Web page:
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Billiards, Pool. a shot in which the cue ball hits two balls in succession.
any strike and rebound, as a ball striking a wall and glancing off.
to make a carom.
to strike and rebound.
Contemporary Examples

The Infiniti suddenly backed up into the radio cars then caromed forward into a turn.
In Months Before Wild Capitol Scene, Miriam Carey Battled Psychosis Michael Daly October 4, 2013

Historical Examples

Something wriggled at his knees and caromed off against Verba.
Local Color Irvin S. Cobb

Burke’s glasses flew from his face, hit the catwalk and caromed off to the ground.
Shaman Robert Shea

Allen blocked it with his chest and caromed it over to Swift.
Stand by for Mars! Carey Rockwell

It caromed off at a crazy angle, wobbling in its flight as the mercury within rolled from side to side.
Stand by for Mars! Carey Rockwell

In the last of the eighth Dean hit one that caromed off Griffith’s shin, and by hard running the little catcher made second.
The Young Pitcher Zane Grey

At the door he tried to move aside but was too slow for the quick moving young woman who caromed off him.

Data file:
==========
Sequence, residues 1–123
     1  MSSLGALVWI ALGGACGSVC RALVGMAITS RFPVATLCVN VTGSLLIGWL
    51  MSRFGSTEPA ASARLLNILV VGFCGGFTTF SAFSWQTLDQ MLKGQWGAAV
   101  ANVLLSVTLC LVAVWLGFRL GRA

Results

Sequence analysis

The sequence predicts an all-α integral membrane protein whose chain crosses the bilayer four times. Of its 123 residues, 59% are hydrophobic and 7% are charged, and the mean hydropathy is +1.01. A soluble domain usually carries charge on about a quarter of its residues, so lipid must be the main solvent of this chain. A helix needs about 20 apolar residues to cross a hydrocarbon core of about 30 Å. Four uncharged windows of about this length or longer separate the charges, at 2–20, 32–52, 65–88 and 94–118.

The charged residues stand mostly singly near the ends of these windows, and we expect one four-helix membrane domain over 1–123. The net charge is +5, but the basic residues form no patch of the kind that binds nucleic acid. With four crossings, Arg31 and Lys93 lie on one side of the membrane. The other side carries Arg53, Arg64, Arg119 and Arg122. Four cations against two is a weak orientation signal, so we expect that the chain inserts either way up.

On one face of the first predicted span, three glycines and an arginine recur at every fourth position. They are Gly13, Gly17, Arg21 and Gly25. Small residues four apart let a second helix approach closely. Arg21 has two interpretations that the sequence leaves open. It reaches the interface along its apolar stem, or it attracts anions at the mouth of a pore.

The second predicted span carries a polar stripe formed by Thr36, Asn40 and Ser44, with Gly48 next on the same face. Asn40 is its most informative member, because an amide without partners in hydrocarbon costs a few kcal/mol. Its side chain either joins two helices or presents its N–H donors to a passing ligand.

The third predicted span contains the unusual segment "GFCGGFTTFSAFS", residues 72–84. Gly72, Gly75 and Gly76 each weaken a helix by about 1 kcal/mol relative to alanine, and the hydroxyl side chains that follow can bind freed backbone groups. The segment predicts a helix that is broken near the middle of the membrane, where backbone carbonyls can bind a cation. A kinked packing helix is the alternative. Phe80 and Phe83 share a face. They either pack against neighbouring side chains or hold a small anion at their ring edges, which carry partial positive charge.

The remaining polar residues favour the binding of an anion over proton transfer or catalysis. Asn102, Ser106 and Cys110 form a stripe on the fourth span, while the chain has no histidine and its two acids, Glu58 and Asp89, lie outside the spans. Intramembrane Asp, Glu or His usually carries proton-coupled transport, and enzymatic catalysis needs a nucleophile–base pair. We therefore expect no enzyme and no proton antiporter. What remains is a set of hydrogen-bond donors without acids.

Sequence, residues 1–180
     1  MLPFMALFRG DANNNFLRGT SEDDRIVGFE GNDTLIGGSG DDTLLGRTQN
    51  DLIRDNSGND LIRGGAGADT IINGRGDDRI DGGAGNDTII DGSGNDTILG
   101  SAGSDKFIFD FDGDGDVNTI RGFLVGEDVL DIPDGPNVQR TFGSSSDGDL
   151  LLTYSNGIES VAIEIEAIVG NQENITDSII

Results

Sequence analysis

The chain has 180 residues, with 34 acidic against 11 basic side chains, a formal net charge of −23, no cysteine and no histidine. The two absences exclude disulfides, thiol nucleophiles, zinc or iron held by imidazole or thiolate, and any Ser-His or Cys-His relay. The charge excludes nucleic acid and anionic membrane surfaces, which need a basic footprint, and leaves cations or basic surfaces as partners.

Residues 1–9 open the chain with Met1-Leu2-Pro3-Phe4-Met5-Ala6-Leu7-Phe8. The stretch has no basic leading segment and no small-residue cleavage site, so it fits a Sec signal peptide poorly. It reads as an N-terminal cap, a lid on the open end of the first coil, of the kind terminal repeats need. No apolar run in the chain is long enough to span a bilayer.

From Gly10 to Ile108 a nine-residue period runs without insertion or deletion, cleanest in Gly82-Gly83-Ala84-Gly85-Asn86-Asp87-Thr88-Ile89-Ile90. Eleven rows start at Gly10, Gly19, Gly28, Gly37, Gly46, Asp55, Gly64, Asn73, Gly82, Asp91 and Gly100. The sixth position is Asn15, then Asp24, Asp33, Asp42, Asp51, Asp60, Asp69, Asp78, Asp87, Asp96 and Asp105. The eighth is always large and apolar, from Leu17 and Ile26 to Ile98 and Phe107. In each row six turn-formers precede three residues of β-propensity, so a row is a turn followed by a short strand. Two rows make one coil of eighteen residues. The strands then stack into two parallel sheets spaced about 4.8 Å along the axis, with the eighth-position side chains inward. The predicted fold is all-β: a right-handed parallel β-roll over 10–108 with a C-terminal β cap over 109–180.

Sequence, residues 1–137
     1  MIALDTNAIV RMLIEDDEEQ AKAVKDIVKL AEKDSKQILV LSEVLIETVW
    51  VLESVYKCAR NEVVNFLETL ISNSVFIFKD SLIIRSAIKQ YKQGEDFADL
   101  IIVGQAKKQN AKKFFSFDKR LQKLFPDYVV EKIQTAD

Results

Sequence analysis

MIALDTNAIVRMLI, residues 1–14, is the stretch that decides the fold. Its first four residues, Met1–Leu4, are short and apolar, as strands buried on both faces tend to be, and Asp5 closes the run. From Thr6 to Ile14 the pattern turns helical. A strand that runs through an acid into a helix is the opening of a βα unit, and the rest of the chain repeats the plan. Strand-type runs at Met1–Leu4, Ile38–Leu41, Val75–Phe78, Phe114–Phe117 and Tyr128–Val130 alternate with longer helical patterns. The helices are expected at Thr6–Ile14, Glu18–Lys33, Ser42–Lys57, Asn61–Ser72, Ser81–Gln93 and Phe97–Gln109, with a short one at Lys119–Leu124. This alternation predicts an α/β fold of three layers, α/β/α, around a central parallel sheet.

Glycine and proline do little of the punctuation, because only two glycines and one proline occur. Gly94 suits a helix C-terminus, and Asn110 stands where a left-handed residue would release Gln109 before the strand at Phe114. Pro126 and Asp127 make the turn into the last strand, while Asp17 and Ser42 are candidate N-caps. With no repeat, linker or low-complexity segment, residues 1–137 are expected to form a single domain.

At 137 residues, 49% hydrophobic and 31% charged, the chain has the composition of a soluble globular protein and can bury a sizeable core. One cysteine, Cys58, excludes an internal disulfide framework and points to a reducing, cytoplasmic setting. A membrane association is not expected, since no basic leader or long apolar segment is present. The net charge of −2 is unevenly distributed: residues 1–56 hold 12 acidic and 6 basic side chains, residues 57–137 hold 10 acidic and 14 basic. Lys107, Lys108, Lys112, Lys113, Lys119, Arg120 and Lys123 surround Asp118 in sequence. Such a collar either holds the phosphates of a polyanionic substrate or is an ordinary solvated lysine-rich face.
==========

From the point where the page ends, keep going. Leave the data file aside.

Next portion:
Mercenary Dallas McCord Reynolds

He now caromed from me and in the same manner embraced Tommy, and after this he tackled Gates.
Wings of the Wind Credo Harris

A fat one popped up out of the dirt crust almost between his toes and caromed off against an ankle.
Ladies and Gentlemen
Irvin S. (Irvin Shrewsbury) Cobb

Then wheeling away he staggered into the forest; he reeled in his gait, crashed through bushes and caromed off trees.
The Devil in Iron Robert E. Howard

(billiards, US & Canadian)

a shot in which the cue ball is caused to contact one object ball after another
the points scored by this

Also called (in Britain and certain other countries) cannon

1779, earlier carambole (1775), from French carambole “the red ball in billiards,” from Spanish carombola “the red ball in billiards,” perhaps originally “fruit of the tropical Asian carambola tree,” which is round and orange and supposed to resemble a red billiard ball; from Marathi (southern Indian) karambal. Originally a type of stroke involving the red ball:

If the Striker hits the Red and his Adversary’s Ball with his own Ball he played with, he wins two Points; which Stroke is called a Carambole, or for Shortness, a Carrom. [“Hoyle’s Games Improved,” London, 1779]


1860, from carom (n.). Related: Caromed; caroming.


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